Effects of a short educational intervention on interns' professional confidence regarding drug treatment management in clinical practice: Randomized controlled study

[Speaker] Johan Lonnbro:1,2
[Co-author] Karin Nylen:3, Susanna Wallerstedt:3
1:Department of Medicine, Sahlgrenska University Hospital, Gothenburg, Sweden, 2:Sahlgrenska Academy, University of Gothenburg, Sweden, 3:Sahlgrenska Academy, Dept. of Pharmacology, University of Gothenburg, Sweden

Prescribing of drugs is a core skill for a physician. Consequently, it is essential that practicing physicians are confident in drug treatment management. However, in an unpublished questionnaire study (2013; n=47), we found that 60% of the interns were not confident in performing basic medication reviews, that is, to reconcile the drug treatment and ascertain that it is reasonable given the patient's current health status. Therefore, this study was performed to evaluate if an educational intervention could increase the interns' professional confidence in drug treatment management in clinical practice.

A randomized controlled trial was performed in Sahlgrenska University Hospital, Gothenburg, Sweden. Interns, recruited in 2014 to 2016, were randomly allocated to intervention or control group (1:1). The intervention consisted of two three hour seminars, led by an internist and a clinical pharmacologist, focused on collegial discussions on fictive and authentic cases, including tips on practical handling of the electronic medical records system with integrated decision-support tools. The effects of the intervention were evaluated with a questionnaire, distributed at baseline and six month follow-up, in which the interns were to grade their agreement to statements from 1 (completely disagree) to 5 (completely agree). In bivariate analyses, those rating 4 or 5 were categorized as agreeing.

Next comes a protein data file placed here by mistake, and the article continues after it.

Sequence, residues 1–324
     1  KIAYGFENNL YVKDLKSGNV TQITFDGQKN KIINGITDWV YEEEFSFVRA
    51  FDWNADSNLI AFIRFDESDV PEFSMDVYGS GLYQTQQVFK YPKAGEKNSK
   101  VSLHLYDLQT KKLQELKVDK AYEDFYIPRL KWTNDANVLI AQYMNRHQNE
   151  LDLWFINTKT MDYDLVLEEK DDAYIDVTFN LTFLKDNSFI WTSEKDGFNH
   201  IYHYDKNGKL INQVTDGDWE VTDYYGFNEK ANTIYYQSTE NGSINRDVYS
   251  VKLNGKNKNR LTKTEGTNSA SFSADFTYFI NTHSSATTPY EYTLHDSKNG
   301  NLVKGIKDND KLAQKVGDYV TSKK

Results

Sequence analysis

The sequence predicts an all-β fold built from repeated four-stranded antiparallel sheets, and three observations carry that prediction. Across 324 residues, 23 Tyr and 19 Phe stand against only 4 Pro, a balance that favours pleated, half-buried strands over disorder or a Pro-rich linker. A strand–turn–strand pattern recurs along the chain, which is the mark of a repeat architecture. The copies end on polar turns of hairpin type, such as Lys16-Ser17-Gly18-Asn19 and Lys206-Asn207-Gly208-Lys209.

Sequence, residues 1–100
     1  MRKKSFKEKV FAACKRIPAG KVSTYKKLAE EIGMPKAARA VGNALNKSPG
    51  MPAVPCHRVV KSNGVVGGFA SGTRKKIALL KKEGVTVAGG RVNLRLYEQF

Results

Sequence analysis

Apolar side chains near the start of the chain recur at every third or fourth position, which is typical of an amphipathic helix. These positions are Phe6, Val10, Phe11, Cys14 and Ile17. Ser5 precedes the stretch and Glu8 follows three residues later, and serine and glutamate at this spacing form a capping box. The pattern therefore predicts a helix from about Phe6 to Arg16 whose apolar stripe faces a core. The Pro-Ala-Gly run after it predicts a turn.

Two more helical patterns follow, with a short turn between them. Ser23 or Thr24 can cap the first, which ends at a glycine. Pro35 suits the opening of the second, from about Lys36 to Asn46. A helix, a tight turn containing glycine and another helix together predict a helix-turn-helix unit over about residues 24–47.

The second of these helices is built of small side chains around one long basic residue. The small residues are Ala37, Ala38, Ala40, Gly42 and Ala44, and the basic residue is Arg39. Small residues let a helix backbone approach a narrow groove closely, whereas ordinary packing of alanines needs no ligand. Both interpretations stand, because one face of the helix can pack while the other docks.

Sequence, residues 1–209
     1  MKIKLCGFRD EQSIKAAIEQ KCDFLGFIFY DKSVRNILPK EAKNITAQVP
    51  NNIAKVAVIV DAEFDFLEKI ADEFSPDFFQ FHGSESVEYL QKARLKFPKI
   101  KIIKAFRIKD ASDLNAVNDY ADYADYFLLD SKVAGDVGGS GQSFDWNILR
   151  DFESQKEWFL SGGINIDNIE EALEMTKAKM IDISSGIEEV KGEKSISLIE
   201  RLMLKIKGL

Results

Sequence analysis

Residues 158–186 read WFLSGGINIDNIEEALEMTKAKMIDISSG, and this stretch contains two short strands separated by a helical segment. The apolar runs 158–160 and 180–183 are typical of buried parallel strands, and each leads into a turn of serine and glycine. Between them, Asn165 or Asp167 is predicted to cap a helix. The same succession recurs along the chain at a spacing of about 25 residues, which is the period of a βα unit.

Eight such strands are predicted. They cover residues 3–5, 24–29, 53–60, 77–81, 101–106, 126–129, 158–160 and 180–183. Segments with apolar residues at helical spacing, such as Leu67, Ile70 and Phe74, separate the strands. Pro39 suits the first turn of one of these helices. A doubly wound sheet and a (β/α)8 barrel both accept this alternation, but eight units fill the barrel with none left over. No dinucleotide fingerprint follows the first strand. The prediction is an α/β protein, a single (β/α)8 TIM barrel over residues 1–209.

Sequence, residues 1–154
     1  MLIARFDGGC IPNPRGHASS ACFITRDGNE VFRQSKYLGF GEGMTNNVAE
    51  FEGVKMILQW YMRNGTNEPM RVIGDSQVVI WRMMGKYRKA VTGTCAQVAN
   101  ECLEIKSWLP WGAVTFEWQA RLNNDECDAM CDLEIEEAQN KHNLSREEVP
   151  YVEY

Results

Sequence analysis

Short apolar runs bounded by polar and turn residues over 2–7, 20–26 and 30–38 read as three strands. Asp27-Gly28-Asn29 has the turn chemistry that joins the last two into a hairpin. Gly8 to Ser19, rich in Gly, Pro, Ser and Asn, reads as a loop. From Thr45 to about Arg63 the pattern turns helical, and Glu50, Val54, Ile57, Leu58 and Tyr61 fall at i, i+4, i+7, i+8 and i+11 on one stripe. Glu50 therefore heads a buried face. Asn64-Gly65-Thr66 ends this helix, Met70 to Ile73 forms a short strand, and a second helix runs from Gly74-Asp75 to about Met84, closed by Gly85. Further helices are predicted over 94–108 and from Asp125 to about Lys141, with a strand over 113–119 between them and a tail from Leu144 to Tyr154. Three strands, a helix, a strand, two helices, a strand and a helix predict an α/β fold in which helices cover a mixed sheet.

A total of 69 interns were included, 57 of whom (83%) completed the questionnaire at baseline and follow-up (54% female; median age: 29 years; 28% with research-oriented internship). The intervention group increased their agreement to statements reflecting confidence in drug treatment matters to a greater extent than did the control group (Table). At follow-up, 23 (89%) of 26 evaluable interns in the intervention group, compared with 18 (58%) of 31 in the control group, stated that they were confident in performing basic medication reviews. The odds for being confident were 8.4 times greater in the intervention group (95% confidence interval: 1.8; 40), after adjustments for age, sex, research experience, work experience, and baseline confidence.

A limited educational intervention, based on collegial discussions on cases, can improve junior physicians' confidence in drug treatment management in clinical practice.

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